Australian Pagans in Tasmania plan for a midwinter festival (yes, it is winter in the Southern Hemisphere). A prominent Pagan critiques her spiritual brethren's misuse of science. And a Shinto-Pagan writer considers the nationalistic associations of her religion. It's Watery Wednesday, our weekly segment on news about the Pagan community around the world! All this and more for the Pagan News Beagle!
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"Come, let me cause you to know them,
namely, the four principles of life…
to bind with them -
Set your heart upon god!
Adhere to the law!
Go in ma'at!"
Be small of wrath!
Be a good man!.."
"Conversations in the House of Life" ("The Demotic Book of Thoth" - 388-390)
If you feel called to Kemetic religion and wonder what should be your first step, my answer always is “Just make that step”. Come before the Netjeru to walk on the path of Ma’at and prepare a place in your heart where your honored Gods will reside, making your body and soul into their temples; guiding your boat on the waters of life.
If you have attraction to certain Netjer, by whatever reason, try talking to that one.
Even if you just consider the deity to be handsome. This also is a valid reason :)
If you are attracted to the pantheon as a whole, address them all, as one divine family… and ask if someone wants to take a larger role in your life, to “step in”.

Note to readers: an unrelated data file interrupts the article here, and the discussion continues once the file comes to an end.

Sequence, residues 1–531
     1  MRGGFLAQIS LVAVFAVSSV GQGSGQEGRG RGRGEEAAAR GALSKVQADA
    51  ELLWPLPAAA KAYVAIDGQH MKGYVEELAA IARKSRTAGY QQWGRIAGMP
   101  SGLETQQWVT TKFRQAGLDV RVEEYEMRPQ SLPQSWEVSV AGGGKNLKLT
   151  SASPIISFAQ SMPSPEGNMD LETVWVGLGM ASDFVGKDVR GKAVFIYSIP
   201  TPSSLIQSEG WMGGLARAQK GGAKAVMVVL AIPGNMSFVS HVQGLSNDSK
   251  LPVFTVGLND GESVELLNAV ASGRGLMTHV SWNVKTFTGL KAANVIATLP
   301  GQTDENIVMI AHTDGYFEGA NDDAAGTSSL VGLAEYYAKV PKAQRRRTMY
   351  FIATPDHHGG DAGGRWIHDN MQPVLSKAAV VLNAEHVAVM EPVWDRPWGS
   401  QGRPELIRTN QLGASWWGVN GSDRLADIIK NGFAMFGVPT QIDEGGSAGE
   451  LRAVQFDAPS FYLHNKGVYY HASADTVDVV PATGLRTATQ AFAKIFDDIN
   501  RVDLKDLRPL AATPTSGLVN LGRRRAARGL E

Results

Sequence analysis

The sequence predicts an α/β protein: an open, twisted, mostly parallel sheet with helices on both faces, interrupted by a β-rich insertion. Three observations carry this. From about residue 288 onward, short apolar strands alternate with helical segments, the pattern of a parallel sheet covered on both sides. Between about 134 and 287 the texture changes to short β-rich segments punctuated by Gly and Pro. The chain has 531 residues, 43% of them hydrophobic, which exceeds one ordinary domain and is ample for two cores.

Once you let them in (as living gods- they may reside in your heart), even if you don’t think about them often, they think of you :)
It’s not required to think about the Gods every single minute of your life, but it makes one happy when you know that deities are loving, caring, helpful and ready to hear your prayers, your praises, and the sharing of your concerns and worries with them. They are like your family and friends; think about your prayer/shrine time as about divine phone call or skype chat with a close friend who is not physically present, but always ready to answer your call and listen.
If you are drawn to several Netjeru already, then start doing more for them and learn more about them.
You do not have to have one central Netjer to work with. There is more likely to be several. In Ancient Egypt it was not common to choose only one Netjer to serve/“work with”. People had personal devotions, and may be had their favorites between Netjeru; but more common case was that there was a group, or “family” of the Netjeru who were closer to that particular person.
Frequently it was defined by the place they lived in and other circumstances. We know accounts of ancient Egyptians who had Netjeru appearing to them in dreams, and this causing their focus of devotion to significantly change. There are recorded stories of people who were called for intense devotion by Mut, Aset/Isis and Djehuty after the Netjeru making clear appearance in a dream. But most of the people simply followed their hearts, natural attraction, tradition of family and home town.
Choosing one “primary” Netjer doesn’t mean that you can’t have “many”. Historical example again: even the high priest of one temple could also have priestly ranks and offices in other temples, dedicated to other Netjeru. So, Egyptian priests could bear titles “high priest of NN, and priest of NN, and NN, and having a shift in the temple of NN”, and it totally worked.